tue 23/07/2024

South Africa

Gavin Jantjes: To Be Free, Whitechapel Gallery review - a sweet and sour response to horrific circumstances

Born in Cape Town in 1948, Gavin Jantjes grew up under apartheid. He openly criticised the regime in his work and, forced into exile, was granted political asylum in Germany in 1973.Nearly 10 years later he moved to England and his Whitechapel...

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Music Reissues Weekly: Mike Makhalemele & Winston “Mankunku” Ngozi - The Bull And The Lion

The Bull And The Lion was originally released in 1976 by Jo'burg, a South African label which opened-up for business in 1973 with a couple of singles and the first album by black singer Margaret Singana. Her debut LP was titled Lady Africa. The same...

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Selaocoe, Schimpelsberger, LSO, Ward, Barbican review - force of nature crowns dance jamboree

It was good of the EFG London Jazz Festival to support this concert and bring in a different audience from the one the LSO is used to. But how to define it? Jazz only briefly figured in works by Gary Carpenter, Bartók, Barber and Abel Selaocoe. The...

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DVD/Blu-ray: Cry, the Beloved Country (1951)

Movie Blu-rays and DVDs brim with superficially engaging extras that frequently fail to illuminate the main attraction. The opposite is true of Cry, the Beloved Country, which has been restored in 4K and newly released in StudioCanal’s Vintage...

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Edinburgh Fringe 2023 reviews: Dark Noon / Concerned Others

Dark Noon, Pleasance at EICC ★★★★★If there’s a more ambitious theatre production than Dark Noon at the Fringe this year, I’ve yet to see it. That’s ambitious in terms of its staging: during the course of the show’s 100 minutes (yes, it’s a...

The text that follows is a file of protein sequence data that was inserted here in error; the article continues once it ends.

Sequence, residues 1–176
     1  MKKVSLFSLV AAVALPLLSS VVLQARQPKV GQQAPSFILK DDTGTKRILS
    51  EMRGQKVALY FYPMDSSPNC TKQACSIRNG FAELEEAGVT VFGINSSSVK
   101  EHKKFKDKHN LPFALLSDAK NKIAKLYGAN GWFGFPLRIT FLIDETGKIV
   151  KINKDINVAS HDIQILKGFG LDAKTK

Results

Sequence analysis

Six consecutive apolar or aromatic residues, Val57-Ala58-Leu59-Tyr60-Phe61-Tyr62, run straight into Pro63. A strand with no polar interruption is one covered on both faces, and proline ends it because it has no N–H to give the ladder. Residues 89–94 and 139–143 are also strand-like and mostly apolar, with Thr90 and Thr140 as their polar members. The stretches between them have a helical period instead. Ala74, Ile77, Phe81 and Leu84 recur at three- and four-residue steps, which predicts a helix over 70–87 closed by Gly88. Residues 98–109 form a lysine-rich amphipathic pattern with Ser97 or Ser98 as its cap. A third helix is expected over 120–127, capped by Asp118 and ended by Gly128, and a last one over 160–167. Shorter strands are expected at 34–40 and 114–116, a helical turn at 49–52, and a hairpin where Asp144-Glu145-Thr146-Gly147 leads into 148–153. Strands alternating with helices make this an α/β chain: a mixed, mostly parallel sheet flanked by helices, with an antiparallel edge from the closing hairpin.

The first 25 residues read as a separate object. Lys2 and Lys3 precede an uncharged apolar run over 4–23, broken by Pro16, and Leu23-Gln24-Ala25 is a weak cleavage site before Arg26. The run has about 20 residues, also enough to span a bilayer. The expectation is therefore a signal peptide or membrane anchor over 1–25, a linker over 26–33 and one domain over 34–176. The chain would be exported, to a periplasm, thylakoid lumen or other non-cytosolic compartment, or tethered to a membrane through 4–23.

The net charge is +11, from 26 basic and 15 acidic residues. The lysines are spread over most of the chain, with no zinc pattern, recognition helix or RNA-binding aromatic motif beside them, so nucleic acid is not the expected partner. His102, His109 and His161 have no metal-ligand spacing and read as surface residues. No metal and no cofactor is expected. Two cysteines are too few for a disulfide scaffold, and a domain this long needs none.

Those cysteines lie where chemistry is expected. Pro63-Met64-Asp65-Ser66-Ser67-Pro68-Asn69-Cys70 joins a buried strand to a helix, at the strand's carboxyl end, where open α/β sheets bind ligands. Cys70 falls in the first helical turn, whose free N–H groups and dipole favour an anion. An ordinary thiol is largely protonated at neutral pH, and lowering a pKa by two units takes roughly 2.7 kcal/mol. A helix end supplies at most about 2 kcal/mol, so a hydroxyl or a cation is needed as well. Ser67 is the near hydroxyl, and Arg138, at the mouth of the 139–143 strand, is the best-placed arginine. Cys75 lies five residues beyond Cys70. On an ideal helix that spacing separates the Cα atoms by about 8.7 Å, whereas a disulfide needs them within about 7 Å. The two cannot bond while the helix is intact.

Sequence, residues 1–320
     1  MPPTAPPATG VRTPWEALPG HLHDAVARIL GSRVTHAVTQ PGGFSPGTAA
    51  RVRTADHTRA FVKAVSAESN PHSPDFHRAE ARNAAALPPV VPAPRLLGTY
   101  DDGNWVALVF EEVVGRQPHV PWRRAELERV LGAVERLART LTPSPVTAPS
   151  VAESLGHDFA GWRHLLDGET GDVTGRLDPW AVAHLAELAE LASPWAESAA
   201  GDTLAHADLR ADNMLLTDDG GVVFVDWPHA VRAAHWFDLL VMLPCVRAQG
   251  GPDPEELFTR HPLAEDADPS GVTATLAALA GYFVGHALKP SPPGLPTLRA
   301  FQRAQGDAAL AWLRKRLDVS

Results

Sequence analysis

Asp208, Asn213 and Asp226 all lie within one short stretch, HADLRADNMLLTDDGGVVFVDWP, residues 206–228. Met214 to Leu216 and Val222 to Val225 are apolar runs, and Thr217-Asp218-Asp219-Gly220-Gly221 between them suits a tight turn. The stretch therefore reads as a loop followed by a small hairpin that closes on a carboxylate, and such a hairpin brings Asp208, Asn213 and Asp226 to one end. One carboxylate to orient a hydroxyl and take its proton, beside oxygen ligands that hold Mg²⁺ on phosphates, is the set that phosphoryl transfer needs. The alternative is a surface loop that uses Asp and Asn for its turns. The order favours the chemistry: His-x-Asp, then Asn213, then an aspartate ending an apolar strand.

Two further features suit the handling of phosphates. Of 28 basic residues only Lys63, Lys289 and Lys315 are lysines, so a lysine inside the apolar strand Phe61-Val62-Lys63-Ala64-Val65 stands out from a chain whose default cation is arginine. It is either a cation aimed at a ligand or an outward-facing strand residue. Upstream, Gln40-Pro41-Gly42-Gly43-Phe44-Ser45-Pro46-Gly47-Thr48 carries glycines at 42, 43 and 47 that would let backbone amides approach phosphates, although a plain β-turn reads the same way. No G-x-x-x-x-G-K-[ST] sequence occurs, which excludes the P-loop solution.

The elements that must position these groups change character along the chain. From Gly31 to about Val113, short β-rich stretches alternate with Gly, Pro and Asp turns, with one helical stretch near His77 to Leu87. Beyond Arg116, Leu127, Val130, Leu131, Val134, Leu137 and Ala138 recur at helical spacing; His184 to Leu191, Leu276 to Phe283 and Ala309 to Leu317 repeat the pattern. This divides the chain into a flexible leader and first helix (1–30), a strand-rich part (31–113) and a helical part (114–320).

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The Sacrifice, Dada Masilo, Brighton Dome review - eye-popping dance from South Africa

The Soweto-born dancer-choreographer Dada Masilo has made her name  telling classic European stories in African dialect. The last piece she toured in the UK was a striking Giselle in which the avenging Wilis were not undead brides but ancestral...

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William Kentridge, Royal Academy review - from art to theatre, and back again

South African artist William Kentridge appears on video in his studio, twice. On the right he sits scribbling, waiting for an idea to surface. Meanwhile his alter ego stands impatiently by, trying to peek at his other half’s notes and, desperate for...

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theartsdesk Q&A: Abel Selaocoe

South-African cellist Abel Selaocoe is about to begin his third major concert in London in under a year. As the support artist for kora player Ballake Sissoko and cellist Vincent Segal at the Roundhouse in January, he received a lengthy ovation for...

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TUKS Camerata, Voces8 Live from London online review - a diverse choral selection

The Voces8 Live from London, now in its seventh iteration, has progressed from streaming choral chamber music from an empty studio to an 80-strong visiting choir in a packed Christ Church, Spitalfields. In doing this the festival has retained its...

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Blk Jks, Moth Club review - Johannesburg’s art-rockers are more straightforward live than on album

Figuratively, “Tselane” is Blk Jks’s “Stairway to Heaven.” Both songs begin quietly and move through passages of turbulence suggesting an impending tempest. Each has a command of dynamics which pulls the listener in, generating anticipation for what...

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Album: Wren Hinds - A Child's Chant for a New Millennium

Side Two of A Child’s Chant for a New Millennium opens with “Wrenbird,” a consideration of whether it’s possible to have a bird’s freedom of mobility. “Anywhere but here,” sings Wren Hinds. He may not be happy where he is, but the accompanying...

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William Hurt, great Hollywood contrarian, has died at 71

No actor had a classier time of it in the Eighties than William Hurt, who has died at the age of 71. Ramrod tall, blue-eyed and aquiline, with a high forehead swept clear of thin fair hair, he was a brash decade's intelligent male lead. Those years...

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